Rancidity is a very general term and in its most general meaning, it refers to the spoilage of a food in such a way that it becomes undesirable (and usually unsafe) for consumption. When people say that a food has "gone bad," what they're usually talking about is rancidity. Most of the time, but not always, rancidity can change the odors or flavors of a food in such a way that it becomes very unpleasant to smell or taste.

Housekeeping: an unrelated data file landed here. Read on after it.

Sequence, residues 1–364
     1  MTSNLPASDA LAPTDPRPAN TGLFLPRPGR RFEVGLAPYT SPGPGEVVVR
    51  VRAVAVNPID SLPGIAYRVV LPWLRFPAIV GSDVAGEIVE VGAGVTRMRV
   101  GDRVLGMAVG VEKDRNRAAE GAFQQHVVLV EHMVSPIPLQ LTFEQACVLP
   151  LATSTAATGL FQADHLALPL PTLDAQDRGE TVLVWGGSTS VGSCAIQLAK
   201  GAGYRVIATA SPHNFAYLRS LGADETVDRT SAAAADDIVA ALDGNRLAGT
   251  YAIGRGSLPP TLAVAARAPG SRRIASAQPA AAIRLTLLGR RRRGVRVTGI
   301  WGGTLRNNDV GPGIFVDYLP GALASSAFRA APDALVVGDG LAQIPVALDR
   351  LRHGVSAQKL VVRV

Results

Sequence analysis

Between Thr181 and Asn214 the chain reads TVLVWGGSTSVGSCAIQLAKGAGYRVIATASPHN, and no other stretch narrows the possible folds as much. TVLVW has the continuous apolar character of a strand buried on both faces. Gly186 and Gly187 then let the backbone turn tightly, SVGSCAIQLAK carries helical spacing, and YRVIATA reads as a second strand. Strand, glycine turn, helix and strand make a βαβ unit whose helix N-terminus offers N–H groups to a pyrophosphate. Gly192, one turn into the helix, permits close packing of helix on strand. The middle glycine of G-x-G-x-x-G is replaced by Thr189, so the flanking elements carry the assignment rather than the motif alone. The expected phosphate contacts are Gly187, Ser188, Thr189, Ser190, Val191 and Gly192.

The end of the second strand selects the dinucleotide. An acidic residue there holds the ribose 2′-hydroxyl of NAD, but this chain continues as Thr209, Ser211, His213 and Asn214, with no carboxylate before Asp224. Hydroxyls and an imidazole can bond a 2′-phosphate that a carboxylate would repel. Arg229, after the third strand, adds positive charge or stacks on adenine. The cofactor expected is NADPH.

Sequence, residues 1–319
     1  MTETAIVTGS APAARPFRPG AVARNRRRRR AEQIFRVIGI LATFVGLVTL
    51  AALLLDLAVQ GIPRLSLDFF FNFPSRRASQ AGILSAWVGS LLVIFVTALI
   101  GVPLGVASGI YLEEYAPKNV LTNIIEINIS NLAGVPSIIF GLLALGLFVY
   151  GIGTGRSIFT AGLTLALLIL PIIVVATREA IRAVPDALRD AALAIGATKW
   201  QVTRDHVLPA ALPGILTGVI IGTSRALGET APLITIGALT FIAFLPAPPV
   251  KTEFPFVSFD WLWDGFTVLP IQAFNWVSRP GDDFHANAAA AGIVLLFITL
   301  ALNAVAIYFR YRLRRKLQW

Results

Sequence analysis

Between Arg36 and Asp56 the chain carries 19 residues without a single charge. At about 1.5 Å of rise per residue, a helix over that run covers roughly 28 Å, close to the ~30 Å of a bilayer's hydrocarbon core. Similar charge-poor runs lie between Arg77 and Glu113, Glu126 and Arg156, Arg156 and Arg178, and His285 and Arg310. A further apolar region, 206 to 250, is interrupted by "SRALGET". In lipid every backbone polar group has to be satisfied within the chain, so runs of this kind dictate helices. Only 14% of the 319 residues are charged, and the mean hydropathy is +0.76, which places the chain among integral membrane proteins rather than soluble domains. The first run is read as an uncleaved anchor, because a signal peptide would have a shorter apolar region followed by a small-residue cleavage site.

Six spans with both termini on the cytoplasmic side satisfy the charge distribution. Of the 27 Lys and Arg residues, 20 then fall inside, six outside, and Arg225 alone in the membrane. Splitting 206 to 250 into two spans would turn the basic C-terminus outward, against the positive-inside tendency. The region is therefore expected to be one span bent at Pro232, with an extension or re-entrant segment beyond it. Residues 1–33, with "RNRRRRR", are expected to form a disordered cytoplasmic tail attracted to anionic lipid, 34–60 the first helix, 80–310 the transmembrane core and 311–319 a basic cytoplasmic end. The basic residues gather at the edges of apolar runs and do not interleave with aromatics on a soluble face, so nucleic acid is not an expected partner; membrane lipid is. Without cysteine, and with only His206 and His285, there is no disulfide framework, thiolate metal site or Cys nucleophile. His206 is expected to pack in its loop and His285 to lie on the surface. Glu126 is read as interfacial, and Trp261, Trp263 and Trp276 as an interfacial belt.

While most any food can technically become rancid, this term applies particularly to oils. Oils can be especially susceptible to rancidity because their chemistry can make them exceptionally susceptible to oxygen damage. When food scientists talk about rancidity, they are often talking about a specific type of rancidity involving oxygen damage to foods, and this type of rancidity is called "oxidative rancidity." During the process of oxidative rancidity, oxygen molecules interact with the structure of the oil and damage its natural structure in a way that can change its odor, its taste, and its safety for consumption.